Aug 18, 2009
I've been wondering lately, what limits a CPUs/GPUs/anything's overclocking capability? I dont understand what makes CPUs run stable and one clock setting but not at another? all it is its transistors firing right? I dont understand why you cant just pump more voltage into your system to get a better clock setting. I dont want any answers like "that's just the way it is" or "Its not designed to run at that speed". Its weird and I cant seem to get the question into anything Google-able. What limits me from overclocking past 2.5ghz? Anything after that and my system wont start or is very unstable even with very low heat (26c idle at 2.52ghz). Why cant it just overclock to 3ghz and be stable? My processor was never a very good overclocker (phenom 9600BE) but I still cant think of any reason of why I cant push it more without problems.

Im just one of those guys that needs a down to earth answer for everything. Like it or not


Aug 27, 2006
Quality of the transistors and copper through the whole system.

If you lookup the production of processors, you'd see that it was like taking a picture onto a negative. Your negative might be of really really good quality (perfection costs too much, so we could just manage with really really good), but in the end on the final picture there might be some small dots but you could still say it is a good picture overall. The small dots might have come from the raw material or from your production, but as long as it passes QA, then its good. (Though I'm not saying that AMD/Intel are bringing out dud chips).


Nov 8, 2008
You also have to keep in mind the CPU's ability to communicate with other components. The memory is steaming a string of information in coded bits, these bits come in a specific order. The better the CPU, the faster it can process the strings, any error and it's a BSOD or a lock-up.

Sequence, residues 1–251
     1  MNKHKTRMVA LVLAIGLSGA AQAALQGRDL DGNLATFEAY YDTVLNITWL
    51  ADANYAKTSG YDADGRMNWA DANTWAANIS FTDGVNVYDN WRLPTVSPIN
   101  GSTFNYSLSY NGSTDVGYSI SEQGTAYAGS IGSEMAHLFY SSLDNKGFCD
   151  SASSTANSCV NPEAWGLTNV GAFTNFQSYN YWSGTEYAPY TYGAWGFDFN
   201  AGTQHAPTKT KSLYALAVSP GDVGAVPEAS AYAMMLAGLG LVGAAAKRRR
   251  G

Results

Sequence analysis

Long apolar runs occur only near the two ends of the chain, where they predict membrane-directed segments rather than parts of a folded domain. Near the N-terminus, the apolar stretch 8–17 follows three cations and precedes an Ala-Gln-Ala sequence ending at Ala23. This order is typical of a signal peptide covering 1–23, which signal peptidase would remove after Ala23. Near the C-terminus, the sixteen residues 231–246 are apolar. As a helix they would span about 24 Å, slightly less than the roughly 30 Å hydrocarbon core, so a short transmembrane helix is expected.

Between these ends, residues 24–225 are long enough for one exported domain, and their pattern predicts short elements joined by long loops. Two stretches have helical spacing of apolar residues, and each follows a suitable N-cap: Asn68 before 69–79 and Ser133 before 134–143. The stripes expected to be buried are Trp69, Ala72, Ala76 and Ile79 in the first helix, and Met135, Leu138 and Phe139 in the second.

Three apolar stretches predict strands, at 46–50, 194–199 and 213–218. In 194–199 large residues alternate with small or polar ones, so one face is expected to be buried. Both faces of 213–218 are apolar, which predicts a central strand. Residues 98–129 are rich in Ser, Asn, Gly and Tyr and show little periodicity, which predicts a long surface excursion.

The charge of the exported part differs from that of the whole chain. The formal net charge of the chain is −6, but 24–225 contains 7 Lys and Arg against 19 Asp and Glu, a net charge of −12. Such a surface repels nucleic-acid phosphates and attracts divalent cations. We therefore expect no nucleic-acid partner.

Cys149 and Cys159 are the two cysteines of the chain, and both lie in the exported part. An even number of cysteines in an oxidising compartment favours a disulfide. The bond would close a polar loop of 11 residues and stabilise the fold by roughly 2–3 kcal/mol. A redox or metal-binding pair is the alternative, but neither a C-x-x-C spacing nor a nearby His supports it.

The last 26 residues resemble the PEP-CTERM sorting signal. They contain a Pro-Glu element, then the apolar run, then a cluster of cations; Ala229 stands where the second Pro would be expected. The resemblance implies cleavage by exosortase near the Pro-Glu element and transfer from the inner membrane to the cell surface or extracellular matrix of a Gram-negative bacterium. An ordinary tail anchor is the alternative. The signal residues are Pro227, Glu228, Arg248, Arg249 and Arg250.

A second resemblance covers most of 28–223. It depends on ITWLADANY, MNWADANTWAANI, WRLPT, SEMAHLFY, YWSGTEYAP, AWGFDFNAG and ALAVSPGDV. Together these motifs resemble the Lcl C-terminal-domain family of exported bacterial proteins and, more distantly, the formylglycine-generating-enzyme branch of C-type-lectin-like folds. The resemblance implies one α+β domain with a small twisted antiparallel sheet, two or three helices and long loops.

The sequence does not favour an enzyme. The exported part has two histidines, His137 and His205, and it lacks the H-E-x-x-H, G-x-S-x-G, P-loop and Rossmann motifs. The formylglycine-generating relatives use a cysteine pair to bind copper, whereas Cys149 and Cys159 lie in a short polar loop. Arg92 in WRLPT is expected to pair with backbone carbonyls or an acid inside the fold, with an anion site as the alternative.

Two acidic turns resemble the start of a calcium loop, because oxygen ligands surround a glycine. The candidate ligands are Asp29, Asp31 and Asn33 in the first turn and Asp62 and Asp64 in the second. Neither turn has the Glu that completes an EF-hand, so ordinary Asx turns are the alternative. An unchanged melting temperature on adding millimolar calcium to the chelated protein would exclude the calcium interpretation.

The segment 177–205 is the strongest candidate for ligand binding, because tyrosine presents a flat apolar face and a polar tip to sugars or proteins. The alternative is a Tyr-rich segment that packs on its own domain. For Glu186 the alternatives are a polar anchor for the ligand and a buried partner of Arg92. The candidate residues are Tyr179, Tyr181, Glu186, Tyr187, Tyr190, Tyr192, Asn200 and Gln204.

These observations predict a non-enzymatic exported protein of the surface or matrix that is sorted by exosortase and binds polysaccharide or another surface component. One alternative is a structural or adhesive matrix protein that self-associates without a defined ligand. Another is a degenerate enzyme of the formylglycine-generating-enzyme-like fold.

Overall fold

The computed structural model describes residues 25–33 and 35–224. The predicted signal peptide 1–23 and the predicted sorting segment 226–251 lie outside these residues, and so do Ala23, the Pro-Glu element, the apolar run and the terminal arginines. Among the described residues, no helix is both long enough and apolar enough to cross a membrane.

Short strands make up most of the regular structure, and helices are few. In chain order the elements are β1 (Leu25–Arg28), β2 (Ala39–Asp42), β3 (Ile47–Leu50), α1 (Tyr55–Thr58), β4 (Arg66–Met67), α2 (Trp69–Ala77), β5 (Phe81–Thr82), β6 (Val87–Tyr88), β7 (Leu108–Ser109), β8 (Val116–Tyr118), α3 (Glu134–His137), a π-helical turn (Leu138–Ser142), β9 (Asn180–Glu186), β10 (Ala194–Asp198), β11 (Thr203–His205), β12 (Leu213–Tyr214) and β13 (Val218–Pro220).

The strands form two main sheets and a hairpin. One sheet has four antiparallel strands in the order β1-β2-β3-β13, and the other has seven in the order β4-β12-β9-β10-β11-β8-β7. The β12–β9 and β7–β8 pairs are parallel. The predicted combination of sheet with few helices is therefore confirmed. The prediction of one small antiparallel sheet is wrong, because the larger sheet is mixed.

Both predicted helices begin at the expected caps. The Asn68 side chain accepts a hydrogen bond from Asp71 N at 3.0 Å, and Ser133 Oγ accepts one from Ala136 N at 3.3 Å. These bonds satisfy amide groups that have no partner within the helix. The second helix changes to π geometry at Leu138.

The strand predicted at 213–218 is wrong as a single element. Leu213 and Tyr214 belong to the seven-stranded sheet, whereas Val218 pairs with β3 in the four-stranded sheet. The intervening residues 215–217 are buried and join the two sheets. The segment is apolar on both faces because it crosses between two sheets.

There are a lot of things that limit overclocking: voltage limits, temperature limits, limits of other components. And some CPU families are, for one reason or another, poor overclockers.

"My processor was never a very good overclocker (phenom 9600BE) but I still cant think of any reason of why I cant push it more without problems. " One reason some of the AMD CPU's were poor overclockers was because AMD rated them at close to their limits.

And one reason the Intel Core2's are good overclockers was because Intel didn't.

Take the G0 Q6600. It's a 2.4 GHz part. Almost all of them will run at 3.0 GHz. with the stock cooler. That's a 25% OC. With a good aftermarket cooler, 3.6 GHz. is common. Mine does that. 50% OC. Wow. :bounce:

Let's say Intel rates the same part at 3.0 GHz. Well, it still runs at 3.0 GHz. with the stock cooler. And it still runs at 3.6 GHz with a good aftermarket cooler. 20% OC. Crap. :(

Same chip.

Let's say that you can only squeeze 3.4 GHz. out of it. 13% OC. Sh!t. :pfff: And this is what AMD initially had to do in response to the Core2's.

"My processor was never a very good overclocker (phenom 9600BE) ...". There's your answer. If you wanted a better overclocker, you should have bought one.